The Australian Securities & Investments Commission (ASIC) has revealed further details about its cost recovery model and annual levies that will affect all industry sectors under ASIC’s regulatory jurisdictions.
ASIC senior executive leader of deposit takers, credit & insurers Michael Saadat
spoke on the scheme at the Credit & Investments Ombudsman’s (CIO’s) Dispute Resolution Conference 2017 in Sydney on Tuesday (12 September).
He revealed that certain entities under ASIC will be slugged with two levies and gave a rough estimate of how much credit intermediaries will be charged per credit rep. These changes were good for the industry, he said.
“Industry funding for ASIC will increase transparency, making industry more accountable for its behaviour by ensuring that those who are creating the need for regulation bear the costs. It is a critical component of the government’s plan to improve consumer outcomes in the financial services sector.”
Fees and more fees
For credit providers, there will be a minimum levy of $2,000 plus 15 cents per $10,000 of credit provided greater than $100m, excluding small amount credit contracts.
For licensed credit intermediaries, there will be a $1,000 minimum levy plus a graduated component based on the number of authorised representatives under the intermediary as of 30 June 2018.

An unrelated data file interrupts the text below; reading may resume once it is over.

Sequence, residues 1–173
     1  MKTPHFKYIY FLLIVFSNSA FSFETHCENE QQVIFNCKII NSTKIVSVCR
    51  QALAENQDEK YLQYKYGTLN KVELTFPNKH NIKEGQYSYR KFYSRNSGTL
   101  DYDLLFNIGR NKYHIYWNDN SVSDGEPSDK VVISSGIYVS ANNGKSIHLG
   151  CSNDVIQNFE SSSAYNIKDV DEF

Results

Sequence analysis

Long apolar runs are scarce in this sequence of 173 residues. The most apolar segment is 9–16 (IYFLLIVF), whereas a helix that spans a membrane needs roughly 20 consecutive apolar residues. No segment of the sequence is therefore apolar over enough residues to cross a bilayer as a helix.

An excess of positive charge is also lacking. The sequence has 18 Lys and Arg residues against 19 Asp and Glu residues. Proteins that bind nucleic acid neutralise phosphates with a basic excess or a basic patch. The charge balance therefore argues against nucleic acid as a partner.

The graduated component had yet to be fully determined, Saadat said.
“It’s based on the total number of credit reps that will be in place at the end of June next year. As a guide, we expect it to be between $150 and $250.”
Licensees that act as credit providers and intermediaries will pay both levies, he added.
Responding to questions about how costs will be determined, Saadat said that ASIC had no control over the levies as the cost recovery scheme was a government initiative.
“Our budget allocation is set by the government. The government then has passed legislation to recover those costs from the sectors that we regulate. It is a government decision.”
Rolling out the levy
While further details will be released in the coming months, Saadat also gave a rough guide to how the scheme will be implemented. In January 2018, an online portal will be launched to collect information from ASIC’s regulated population to allow invoices to be calculated.
“Invoices will be based on the number of regulated entities in a sector and other information provided by industry via the portal.”
In April 2018, ASIC will then publish “indicative levies” for FY17/18. Between July and October 2018, all regulated entities will complete an online form for that financial year.
“In January 2019, the first invoices recovering costs for ASIC’s regulatory services for the 2017/18 financial year will be issued and entities will have until the end of February 2019 to pay their invoice,” Saadat said.
This reflects that the model is an “ex-post model,” he added, meaning that invoices will be based on actual costs incurred in the previous year rather than estimates of future costs.
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